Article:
Gut travellers: internal dispersal of aquatic organisms by waterfowl
Casper H.A. van Leeuwen, Gerard van der Velde, Jan M. van Groenendael and Marcel Klaassen
Journal of Biogeography
Appendix S2 Explanation of the calculations for the quantitative dispersal model.
The collected data allowed us to calculate a first quantitative estimate of the average number of propagules dispersed by waterbirds over distance. We combined the average number of propagules per dropping, their viability, bird dropping rates, the flight speed of waterfowl, and retention times of ingested propagules. Thirty-eight per cent of the droppings were found positive, with an average of 3.32 propagules per positive dropping. Dropping rates ranged between 6.5 and 9.7 droppings per hour for herbivorous vector species . For carnivores this is generally lower, i.e. 2.4 to 3.1 droppings per hour . We modelled dropping rates from the full range of 2.4 to 9.7 droppings per hour, considering it to vary between these values due to differences between species, bird feeding guild, and factors like the diet of an individual bird at a certain moment. Propagule release decreased exponentially over time based on the six feeding experiment studies that reported detailed propagule release over time intervals of 4 hours up to now . We fitted an exponentially declining function to the data retrieved from these six publications (for equation see Fig. 3). This exponential decline (68% after 4h, 85% after 8h, and 92% after 12h) was further supported by an experiment monitoring nightingales (Luscinia megarhynchos) flying in a wind tunnel, of which dropping rates were measured continuously and decreased exponentially to 25% of its initial rate after 8 hours (M. Klaassen, A. Kvist, Å. Lindström, unpublished data).
Viability of aquatic propagules has also been shown to decrease exponentially with increasing retention time , with an average regression coefficient of 0.0688 + 0.0243 (limited to n=4, but consistent over studies). Viability of propagules collected in the field was on average 33.6%. Since 92% of the propagules would have been excreted in the first 12 hours according to feeding experiments, we fitted an exponential declining function with a regression coefficient of 0.0688 and an average of 33.6% over the first 12 hours as the declining viability curve (for equation see Fig. 3). We deliberately did not include possible positive effects of gut passage, such as enhanced germination , because this is a variable phenomenon with both intra- and interspecific differences still hardly understood .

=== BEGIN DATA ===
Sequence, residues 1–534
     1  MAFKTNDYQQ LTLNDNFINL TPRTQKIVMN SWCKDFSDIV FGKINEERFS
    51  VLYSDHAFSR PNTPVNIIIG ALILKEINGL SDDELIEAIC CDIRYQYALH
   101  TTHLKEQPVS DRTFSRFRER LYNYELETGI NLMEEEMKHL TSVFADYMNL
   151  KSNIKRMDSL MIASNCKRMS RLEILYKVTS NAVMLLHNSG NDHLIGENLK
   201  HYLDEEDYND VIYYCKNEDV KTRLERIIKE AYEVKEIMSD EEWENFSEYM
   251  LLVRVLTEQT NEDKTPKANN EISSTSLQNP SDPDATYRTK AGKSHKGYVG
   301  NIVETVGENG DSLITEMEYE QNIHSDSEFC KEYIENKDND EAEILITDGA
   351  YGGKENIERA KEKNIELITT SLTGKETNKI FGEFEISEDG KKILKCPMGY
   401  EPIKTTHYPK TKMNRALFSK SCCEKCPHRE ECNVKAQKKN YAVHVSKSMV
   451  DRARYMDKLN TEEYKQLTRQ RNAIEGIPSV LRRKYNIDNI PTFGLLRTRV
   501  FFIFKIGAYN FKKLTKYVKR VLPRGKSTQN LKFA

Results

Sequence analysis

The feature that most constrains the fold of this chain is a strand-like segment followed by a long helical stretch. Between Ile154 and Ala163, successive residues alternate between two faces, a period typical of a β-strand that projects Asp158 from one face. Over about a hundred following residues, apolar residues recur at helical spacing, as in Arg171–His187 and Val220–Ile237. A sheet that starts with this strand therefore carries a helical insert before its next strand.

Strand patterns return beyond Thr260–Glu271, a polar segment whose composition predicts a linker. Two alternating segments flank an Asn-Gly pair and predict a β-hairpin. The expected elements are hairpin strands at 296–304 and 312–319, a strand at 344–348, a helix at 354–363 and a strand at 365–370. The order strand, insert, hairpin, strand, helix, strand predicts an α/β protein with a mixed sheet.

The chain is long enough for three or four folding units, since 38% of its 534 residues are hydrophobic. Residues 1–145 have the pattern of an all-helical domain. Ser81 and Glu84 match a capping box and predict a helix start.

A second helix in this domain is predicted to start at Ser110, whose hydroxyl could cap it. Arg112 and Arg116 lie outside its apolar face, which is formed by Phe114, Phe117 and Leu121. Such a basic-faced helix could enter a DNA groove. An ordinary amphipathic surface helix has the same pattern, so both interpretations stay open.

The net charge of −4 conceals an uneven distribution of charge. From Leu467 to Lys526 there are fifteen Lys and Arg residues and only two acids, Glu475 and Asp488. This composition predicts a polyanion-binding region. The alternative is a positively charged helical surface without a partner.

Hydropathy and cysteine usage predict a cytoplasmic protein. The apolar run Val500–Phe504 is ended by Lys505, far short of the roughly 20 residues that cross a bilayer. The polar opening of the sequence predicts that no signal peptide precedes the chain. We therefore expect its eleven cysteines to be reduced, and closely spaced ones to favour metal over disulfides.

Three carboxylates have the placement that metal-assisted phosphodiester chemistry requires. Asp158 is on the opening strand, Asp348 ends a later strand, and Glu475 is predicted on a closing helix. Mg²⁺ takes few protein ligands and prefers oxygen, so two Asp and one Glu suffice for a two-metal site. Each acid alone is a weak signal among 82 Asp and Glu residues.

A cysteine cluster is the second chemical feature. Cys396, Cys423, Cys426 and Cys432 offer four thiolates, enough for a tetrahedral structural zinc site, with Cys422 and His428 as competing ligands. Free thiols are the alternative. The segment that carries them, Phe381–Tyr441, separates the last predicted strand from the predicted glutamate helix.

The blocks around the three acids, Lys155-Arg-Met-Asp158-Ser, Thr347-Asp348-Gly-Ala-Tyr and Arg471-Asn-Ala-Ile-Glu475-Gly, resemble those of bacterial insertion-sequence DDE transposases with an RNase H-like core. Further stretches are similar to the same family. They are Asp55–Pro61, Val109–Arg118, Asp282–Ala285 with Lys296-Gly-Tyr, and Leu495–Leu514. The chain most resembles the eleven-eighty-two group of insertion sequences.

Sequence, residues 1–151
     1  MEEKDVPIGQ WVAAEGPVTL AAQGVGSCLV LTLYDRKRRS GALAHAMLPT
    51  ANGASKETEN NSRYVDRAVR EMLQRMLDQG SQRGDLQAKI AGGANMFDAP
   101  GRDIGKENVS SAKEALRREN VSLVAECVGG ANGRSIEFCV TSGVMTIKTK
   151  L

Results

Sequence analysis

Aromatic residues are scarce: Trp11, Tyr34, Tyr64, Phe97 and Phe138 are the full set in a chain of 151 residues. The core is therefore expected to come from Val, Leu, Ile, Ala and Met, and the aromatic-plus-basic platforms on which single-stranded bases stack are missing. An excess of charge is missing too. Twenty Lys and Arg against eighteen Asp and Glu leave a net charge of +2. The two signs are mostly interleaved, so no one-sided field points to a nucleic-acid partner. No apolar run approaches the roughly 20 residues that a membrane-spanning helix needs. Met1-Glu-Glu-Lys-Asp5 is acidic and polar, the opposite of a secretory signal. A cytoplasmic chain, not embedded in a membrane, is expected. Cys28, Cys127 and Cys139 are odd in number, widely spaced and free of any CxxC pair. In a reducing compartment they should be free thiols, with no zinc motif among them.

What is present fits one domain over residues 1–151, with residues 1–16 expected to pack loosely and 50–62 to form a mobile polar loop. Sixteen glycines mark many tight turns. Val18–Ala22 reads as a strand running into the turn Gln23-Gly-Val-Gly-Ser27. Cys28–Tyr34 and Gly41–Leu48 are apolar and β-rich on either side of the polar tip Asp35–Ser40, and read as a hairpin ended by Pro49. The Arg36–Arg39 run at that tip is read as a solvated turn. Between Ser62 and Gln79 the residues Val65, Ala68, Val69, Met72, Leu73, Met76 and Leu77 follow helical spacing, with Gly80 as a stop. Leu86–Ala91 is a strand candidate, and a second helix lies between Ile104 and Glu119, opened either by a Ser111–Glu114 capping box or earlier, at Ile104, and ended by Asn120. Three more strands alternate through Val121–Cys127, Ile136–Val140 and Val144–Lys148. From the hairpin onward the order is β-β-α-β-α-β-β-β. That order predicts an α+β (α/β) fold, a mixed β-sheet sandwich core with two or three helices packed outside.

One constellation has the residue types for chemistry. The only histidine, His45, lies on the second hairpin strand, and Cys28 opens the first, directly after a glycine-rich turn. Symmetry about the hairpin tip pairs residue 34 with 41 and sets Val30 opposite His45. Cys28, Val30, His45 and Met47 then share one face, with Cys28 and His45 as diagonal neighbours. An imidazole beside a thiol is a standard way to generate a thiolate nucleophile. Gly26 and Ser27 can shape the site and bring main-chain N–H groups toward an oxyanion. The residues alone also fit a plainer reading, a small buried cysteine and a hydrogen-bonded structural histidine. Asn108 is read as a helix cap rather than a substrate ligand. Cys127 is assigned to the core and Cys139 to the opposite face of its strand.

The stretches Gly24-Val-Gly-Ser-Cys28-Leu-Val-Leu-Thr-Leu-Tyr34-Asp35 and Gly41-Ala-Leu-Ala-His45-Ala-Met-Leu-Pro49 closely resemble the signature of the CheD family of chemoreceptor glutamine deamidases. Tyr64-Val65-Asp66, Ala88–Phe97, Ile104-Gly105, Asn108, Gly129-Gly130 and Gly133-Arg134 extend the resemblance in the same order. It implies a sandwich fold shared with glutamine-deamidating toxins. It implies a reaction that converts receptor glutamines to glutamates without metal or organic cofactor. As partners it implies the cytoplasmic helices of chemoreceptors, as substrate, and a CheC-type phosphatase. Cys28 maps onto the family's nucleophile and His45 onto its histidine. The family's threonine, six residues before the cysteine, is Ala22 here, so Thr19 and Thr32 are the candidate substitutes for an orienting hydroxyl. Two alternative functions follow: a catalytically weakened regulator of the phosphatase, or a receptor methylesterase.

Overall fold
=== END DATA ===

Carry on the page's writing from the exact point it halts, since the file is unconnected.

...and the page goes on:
The average flight speed of waterfowl is ~75 km h-1, but is known to vary with flight conditions and species from as low as 42 km h-1 up to 116 km h-1 . Using this flight speed data and our model depicted in figure 3, we can now calculate quantitative dispersal for any hypothetical bird. For example, an average bird flying at 75 km h-1 will produce 6.1 droppings per hour, and would thus excrete 3 viable propagules during the first hour of flying (visualized in Fig. 3). These will be excreted between the point of ingestion and the location of the birds’ destination, at a maximum possible distance of 75 km from the origin. Assuming the bird continues its flight without foraging or resting, dropping rate and propagule viability will continue to decrease exponentially over time, but the bird will still release cumulatively 4.1 propagules over the next 3 hours (i.e. 2.0 + 1.2 + 0.9 = 4.1 propagules). After 4 hours (if spent in flight at a maximum of 4*75km = 300 kilometre from the propagules’ origin), it will continue to release propagules at the hourly rates indicated in Fig. 3. Each bird departing after a foraging baud and flying at average speed should thus transport at least one propagule over the first 300 kilometres. Similarly, we can estimate propagule transport over distance for any bird species, if we know its behaviour over time including flight speed and direction.
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